Back in January, President of Our Savior Lutheran Church and prominent Texas Republican Norman Adams launched Texans for Sensible Immigration Policy, a coalition which claims to offer “a ‘sensible’ solution to our immigration problem.” Adams’ plan — which would issue most undocumented immigrants a worker permit — isn’t exactly being met with open arms by members of his own party.
That’s why Steven Hotze, whom Right Wing Watch describes as an “ultra-right-wing Texas activist,” came to Adams’ defense earlier this week. “I am taking my stand with Norman Adams,” declared Hotze on the Texas GOP Vote blog. However, while Adams believes a sensible immigration policy is necessary because the “combined fertility rate of American born citizens is barely 2%, considered unsustainable” and due to the fact that Americans “have aborted nearly fifty million children in the United States!,” Hotze has a slightly different take. According to him, Latinos are natural Republican allies against Democrats and Muslims:
The majority of the Hispanic culture in America is Christian, pro-family, pro-life and pro-free enterprise. Sounds like they would make great Republicans to me. Let’s go recruit them!
Gentlemen, it seems that the real problem we face is the Muslim immigration invasion of America. The Hispanics are our natural allies against the Democrats and Muslims.
Ironically, Hotze also noted, “It seems to me that there may be nativistic and prejudicial thinking on the immigration issue by many Caucasians.” When it comes to Latinos though, that thinking is unfounded says Hotze. “I like people who take risks to help their families and are willing to work to better their families’ lives.” Yet, apparently, that criteria doesn’t apply to Muslim immigrants.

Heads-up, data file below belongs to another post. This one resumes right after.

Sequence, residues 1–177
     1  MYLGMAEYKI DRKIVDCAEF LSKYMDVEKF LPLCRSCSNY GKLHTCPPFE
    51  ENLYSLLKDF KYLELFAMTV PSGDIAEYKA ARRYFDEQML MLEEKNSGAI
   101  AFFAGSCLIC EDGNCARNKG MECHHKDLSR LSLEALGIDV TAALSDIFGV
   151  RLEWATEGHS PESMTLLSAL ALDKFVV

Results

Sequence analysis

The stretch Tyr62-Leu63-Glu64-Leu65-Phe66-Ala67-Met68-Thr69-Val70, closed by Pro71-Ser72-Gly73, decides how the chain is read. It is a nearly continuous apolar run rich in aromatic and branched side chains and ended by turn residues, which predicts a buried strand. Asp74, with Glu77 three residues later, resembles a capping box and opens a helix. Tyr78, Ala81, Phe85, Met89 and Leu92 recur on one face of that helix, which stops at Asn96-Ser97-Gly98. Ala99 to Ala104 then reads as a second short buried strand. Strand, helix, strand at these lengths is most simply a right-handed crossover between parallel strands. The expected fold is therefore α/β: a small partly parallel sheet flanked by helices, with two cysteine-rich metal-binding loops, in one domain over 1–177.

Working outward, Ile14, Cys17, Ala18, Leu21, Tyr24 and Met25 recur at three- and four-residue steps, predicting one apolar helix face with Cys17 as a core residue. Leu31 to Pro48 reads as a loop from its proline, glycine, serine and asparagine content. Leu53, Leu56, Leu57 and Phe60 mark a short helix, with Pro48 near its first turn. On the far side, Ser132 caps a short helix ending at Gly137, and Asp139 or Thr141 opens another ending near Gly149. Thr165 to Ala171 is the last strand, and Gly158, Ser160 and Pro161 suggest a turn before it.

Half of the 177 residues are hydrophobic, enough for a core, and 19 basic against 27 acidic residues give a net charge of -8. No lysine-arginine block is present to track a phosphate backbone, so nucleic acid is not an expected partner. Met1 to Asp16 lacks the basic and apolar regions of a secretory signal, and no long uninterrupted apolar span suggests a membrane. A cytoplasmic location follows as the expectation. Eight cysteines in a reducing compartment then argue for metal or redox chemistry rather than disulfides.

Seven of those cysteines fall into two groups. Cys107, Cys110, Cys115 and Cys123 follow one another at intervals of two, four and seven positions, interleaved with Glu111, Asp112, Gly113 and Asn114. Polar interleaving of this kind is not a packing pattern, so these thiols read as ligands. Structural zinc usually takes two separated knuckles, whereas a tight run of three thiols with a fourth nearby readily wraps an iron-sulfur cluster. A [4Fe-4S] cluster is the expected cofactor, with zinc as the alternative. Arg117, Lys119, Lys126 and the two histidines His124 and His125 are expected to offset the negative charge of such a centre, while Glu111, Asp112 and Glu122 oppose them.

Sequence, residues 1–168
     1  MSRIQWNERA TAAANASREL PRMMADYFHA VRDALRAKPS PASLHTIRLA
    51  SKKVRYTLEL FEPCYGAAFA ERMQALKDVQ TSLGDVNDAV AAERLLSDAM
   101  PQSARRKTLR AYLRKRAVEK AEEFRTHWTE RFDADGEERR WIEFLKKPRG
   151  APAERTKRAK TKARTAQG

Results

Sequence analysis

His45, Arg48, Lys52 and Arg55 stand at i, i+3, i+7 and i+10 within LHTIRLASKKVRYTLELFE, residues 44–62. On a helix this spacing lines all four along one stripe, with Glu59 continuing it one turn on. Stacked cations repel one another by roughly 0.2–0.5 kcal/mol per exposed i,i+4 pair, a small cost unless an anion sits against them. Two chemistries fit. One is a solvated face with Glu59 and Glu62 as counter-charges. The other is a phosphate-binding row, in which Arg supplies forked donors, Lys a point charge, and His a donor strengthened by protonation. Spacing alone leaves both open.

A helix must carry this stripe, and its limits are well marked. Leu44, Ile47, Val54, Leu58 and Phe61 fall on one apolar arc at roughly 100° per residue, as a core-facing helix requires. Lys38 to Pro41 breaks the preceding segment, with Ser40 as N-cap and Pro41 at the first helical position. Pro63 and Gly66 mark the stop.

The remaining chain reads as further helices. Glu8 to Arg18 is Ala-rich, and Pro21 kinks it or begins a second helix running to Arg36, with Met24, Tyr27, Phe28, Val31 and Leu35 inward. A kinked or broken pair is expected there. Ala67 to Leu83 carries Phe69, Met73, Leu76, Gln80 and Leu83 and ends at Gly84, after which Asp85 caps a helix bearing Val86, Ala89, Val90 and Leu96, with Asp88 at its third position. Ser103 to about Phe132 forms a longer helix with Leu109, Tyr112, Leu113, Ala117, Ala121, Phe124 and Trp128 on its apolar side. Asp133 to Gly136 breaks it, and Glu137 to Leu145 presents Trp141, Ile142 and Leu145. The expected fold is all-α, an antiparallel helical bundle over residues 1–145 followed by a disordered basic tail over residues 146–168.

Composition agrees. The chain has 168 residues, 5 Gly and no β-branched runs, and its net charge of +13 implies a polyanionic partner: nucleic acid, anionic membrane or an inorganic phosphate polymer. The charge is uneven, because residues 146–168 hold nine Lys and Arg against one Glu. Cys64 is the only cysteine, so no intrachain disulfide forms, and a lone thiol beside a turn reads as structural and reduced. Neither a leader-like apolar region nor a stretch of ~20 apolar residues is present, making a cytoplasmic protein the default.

Besides the fact that Hotze’s reasoning is downright twisted, the “natural alliance” might not play out as he expects. As far as the politics of Latin America itself go, the recent recognition of Palestine by three South American governments certainly counters the notion that Latinos abroad necessarily perceive Islam as a threat. Meanwhile, it would make more sense for Latinos in the U.S. to stand in solidarity with the Muslim community against the racist vitriol and anti-immigrant rhetoric coming from the Republican party rather than allowing themselves to be used as a political wedge.